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Where Does Your Board Money Go?

Where Does Your Board Money Go?

It ain’t cheap to own a horse. Paying board at a stable can feel like paying a second rent, too.

An informal survey of horse owners from all over the U.S. by Heels Down revealed that the average board costs around the country trend in the neighborhood of $700 per month for full care. Self-care, partial care or pasture board options average lower, closer to $300 per month.

No matter which way you look at it, however, board is still a big expense. While your heart might break a little each month when you write the board check, there is a rhyme behind the reason when it comes to dictating board cost. Often, there are more costs than what immediately meets the eye.

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Heels Down spoke with Carrie Wehle, of Scottsville, N.Y., who owns Wehle Farms LLC, a full-service boarding and training farm in New York. Board pricing, she says, is about knowing how to factor in the market and your target audience, just as you would with any other business.

“There are four major expense categories for us each year,” Carrie explained. “Equipment maintenance was our largest expense last year, followed by feed (not including supplements and hay), insurance and property taxes.”

I try not to price myself out of the market, but I also know I have the nicest facility.

Property taxes can be a sizeable expense for any farm owner, depending on what area they call home. New York is subject to one of the highest property tax rates, which will account for some of the price differential in board from state-to-state.

Of course, the expenses for owning and operating a farm don’t stop there. “Rounding out the rest of our expenses are bedding, payroll, utilities and equipment purchases,” Carrie said. “We have one employee who helps my husband and I, and we make our own hay. We have a unique facility for boarding. I charge what the market can tolerate for the highest end facility in the area.”

Here’s where the formula can get tricky – if a farm has a lot to offer in terms of amenities like a covered arena, that facility can command a higher board rate, but it also runs the risk of losing a level of clientele that can’t budget for that kind of high expense. “I try not to price myself out of the market, but I also know I have the nicest facility,” Carrie continues. “I also don’t ‘nickel and dime’ my clients – I charge one fee upfront so I don’t have to. I always hated that as a boarder – it’s hard to budget when all these random fees appear on your bill.”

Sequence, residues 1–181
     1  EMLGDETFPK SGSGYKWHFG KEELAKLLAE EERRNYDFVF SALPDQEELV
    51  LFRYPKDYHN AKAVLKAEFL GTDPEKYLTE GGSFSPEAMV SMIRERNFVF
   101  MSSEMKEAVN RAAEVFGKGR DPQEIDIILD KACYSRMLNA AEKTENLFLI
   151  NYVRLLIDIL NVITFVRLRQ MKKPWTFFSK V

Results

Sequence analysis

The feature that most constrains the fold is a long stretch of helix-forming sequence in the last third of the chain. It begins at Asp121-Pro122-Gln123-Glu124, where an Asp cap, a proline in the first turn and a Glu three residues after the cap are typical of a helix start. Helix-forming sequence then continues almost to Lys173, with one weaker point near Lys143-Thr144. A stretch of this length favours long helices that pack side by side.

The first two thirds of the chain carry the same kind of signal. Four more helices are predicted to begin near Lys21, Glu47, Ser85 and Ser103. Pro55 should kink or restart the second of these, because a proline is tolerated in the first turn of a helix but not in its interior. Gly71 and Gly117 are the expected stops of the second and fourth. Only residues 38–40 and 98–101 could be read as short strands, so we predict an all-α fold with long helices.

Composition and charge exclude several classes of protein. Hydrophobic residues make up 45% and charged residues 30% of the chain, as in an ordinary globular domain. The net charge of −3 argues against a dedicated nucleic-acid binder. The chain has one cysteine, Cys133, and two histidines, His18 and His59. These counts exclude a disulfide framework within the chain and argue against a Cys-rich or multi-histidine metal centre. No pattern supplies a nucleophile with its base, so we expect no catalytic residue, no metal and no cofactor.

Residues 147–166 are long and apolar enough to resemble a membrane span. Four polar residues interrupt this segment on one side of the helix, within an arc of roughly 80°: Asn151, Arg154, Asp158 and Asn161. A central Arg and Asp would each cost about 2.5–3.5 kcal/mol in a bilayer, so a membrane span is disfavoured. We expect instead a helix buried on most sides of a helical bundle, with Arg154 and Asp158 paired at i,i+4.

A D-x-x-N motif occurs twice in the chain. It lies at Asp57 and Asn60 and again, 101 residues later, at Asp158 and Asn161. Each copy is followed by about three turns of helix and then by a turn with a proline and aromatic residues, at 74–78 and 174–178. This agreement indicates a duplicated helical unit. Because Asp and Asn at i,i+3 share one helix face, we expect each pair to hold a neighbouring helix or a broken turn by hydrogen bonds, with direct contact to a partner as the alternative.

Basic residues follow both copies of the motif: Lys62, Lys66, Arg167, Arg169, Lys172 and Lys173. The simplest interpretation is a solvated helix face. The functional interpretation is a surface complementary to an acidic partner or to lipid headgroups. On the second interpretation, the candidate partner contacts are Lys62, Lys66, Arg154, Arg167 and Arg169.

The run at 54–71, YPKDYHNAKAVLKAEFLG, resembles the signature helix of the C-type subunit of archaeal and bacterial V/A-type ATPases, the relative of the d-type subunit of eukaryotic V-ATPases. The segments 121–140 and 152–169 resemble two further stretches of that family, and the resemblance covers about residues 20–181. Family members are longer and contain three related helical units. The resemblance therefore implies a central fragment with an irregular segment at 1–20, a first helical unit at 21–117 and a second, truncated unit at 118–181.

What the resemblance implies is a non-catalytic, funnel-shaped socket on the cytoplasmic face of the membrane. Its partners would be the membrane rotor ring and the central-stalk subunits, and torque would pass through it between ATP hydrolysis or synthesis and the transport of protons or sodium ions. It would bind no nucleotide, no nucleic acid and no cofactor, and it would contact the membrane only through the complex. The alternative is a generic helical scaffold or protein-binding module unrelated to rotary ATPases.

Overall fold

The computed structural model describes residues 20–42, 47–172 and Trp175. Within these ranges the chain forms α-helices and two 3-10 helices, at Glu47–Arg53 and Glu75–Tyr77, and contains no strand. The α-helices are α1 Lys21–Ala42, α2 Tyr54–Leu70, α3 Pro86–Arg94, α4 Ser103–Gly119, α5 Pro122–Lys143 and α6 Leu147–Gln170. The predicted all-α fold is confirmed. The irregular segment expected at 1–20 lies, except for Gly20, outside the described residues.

Revenue and Reducing Costs

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It’s a long running joke that barn owners rarely make any money by offering boarding. Depending on the number of horses boarded, many operations don’t see much in the way of profit each month on board alone. In many cases, the lucrative side of the business comes in the form of training. “Training board” can be interpreted in many ways, but in most cases it involves an additional fee for a set amount of rides or days per month that the trainer will ride or otherwise school a horse. Lessons, clinics and other opportunities to offer services are other ways that many barn owners who are also trainers will bring in additional revenue.

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Still others have turned to a co-op style of boarding, where every boarder has the opportunity to reduce their cost by helping with the operation of the facility. This set up helps the farm owner, who can save on labor and, potentially, other costs factored into the full price of board.

Jess Sheidy, 34 of Saline, Mich., boards her horse in the southeastern area of the state at a co-op facility. “You have the opportunity to reduce it with taking shifts, doing your own stall, supplying your own bedding and grain,” she explained. But, she cautions, it’s not the set up for everyone. “There are only five boarders (including the owner) and seven horses, so it’s pretty easy. But I work full-time, have an hour commute each way, and have two preschool-aged kids. Sometimes pulling my weight on the co-op side interferes with my riding time.”

Most barn owners aren’t out to make money hand over fist off their boarders. In most scenarios, it’s not a realistic expectation. This is one reason why more co-op facilities and facility owners that offer creative and flexible options are seeing an uptick in interest. In order to stay competitive and attract clients, they must stay ahead of the curve and offer something unique.

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